The Investment Lesson from Game #2

Douglas Goldstein, CFP®, co-author of Rich As A King: How the Wisdom of Chess Can Make You a Grandmaster of Investing (Morgan James Publishing, 2014, Susan Polgar and Douglas Goldstein)

While watching the conclusion of Game #2 unfold, realizing it would be a draw, I got to thinking of a comment someone made to me when I told him about Susan’s and my upcoming book, Rich As A King: How the Wisdom of Chess Can Make You a Grandmaster of Investing. He said, “What a fabulous idea for a book! After all, chess players always think far into the future and investors also need to plan ahead.” Though I appreciated the compliment, I think he oversimplified the theories that we’ve been working on for years.

No one needs to learn chess just to understand that planning ahead is an important skill. Just read the Bible! It wasn’t raining when Noah built the Ark… He planned ahead. The lessons from the chessboard go much deeper than simple sayings. And Game #2 provides a good example of an important idea that investors, or anyone for that matter, can learn from chess.

What are the goals of Anand and Carlsen?

To the dismay of many chess enthusiasts, there was no bloody battle in either the first or the second game. Both the reigning world champion and his opponent, the highest-ranking player in the history of the game, have a different goal from the audience. Spectators want to see courageous moves. They want to reminisce about the tournaments like those of Capablanca, Fischer, or Kasparov. But turn the board around and look at it from the point of view of today’s contestants. With millions of dollars of prize money and corporate endorsements on the table, would they dare risk losing just to entertain the fans? Each one is waiting until he feels that he has the right opportunity or until he spots an error committed by his opponent that he can exploit in order to win. And at this level of game, those breaks don’t often arise.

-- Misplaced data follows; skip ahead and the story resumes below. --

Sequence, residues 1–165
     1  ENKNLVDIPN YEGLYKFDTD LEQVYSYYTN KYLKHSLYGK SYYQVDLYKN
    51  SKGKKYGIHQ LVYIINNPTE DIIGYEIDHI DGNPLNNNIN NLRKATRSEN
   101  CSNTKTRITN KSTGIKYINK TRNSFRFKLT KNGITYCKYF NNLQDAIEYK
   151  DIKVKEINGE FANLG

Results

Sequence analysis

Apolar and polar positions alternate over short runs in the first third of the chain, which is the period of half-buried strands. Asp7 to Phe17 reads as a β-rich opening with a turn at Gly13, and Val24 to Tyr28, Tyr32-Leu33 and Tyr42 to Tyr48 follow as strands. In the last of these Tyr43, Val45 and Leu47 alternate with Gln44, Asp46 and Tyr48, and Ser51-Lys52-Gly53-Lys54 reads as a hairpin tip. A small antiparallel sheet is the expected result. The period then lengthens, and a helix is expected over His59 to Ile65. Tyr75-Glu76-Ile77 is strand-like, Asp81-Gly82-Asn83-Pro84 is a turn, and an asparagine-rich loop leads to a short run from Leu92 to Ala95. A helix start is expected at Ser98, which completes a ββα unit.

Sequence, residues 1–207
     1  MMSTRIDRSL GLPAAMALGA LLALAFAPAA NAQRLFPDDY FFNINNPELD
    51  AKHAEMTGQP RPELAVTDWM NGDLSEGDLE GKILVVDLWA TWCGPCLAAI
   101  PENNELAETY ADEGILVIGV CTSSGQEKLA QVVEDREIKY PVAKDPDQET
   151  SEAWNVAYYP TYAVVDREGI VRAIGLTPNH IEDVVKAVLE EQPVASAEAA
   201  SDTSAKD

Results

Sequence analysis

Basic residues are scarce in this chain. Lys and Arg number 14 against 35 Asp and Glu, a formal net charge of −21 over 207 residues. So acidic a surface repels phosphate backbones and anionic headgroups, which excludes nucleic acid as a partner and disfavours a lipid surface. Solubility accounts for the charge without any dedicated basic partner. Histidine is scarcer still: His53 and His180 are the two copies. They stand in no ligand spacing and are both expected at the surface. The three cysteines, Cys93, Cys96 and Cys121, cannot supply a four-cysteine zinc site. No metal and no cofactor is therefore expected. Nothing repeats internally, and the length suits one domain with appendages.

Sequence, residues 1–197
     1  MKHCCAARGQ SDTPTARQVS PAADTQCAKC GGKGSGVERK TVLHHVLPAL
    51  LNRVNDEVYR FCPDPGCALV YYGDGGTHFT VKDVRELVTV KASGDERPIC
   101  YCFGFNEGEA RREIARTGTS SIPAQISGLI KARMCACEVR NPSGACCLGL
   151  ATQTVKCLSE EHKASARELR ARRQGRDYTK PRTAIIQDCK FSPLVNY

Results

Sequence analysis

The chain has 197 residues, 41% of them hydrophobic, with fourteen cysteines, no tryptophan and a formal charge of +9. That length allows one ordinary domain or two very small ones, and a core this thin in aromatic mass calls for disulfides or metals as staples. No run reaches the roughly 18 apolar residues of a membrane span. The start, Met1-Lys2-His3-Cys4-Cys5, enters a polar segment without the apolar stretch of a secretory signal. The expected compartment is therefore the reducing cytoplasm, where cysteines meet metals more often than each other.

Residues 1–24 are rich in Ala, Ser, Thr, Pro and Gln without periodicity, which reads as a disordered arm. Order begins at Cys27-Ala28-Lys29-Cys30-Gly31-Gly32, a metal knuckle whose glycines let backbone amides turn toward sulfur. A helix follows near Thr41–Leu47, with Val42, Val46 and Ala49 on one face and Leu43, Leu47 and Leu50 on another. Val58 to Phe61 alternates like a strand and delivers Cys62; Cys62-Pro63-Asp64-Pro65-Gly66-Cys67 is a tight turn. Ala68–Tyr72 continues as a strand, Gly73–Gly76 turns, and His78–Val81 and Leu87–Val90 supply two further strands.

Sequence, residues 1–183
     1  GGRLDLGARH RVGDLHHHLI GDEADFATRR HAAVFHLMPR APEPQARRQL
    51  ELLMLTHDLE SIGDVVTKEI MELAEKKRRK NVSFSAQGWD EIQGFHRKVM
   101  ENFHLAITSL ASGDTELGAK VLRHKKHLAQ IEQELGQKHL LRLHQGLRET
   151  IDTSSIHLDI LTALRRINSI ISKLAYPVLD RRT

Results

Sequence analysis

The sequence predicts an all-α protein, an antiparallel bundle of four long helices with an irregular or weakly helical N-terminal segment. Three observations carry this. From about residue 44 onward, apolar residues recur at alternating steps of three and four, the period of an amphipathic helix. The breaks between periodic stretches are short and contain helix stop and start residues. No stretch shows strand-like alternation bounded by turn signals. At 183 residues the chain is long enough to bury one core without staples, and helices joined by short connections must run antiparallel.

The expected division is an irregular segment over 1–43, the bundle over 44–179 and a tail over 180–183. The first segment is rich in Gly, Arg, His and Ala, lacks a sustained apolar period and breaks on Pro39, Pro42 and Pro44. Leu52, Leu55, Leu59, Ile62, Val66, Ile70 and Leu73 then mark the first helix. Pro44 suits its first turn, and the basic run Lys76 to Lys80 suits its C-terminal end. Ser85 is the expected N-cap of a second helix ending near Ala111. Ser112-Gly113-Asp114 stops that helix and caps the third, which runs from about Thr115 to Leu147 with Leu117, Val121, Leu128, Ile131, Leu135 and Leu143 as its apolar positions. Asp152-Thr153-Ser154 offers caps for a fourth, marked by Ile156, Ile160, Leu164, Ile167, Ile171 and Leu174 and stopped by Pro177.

In both chess and investing, understand your goals before you make a move. Though risky play might be fun, it doesn’t make you a world champion or a wealthy investor. Strategic play coupled with well-planned tactics is what will make you a winner. First, think of why you’re playing or investing. You should only make your move after you have clearly defined your goal.

Did you download a free copy of The Grandmaster’s Toolbox? If you don’t know what it is, check it out at the Rich As A King website.

Chess Daily News from Susan Polgar
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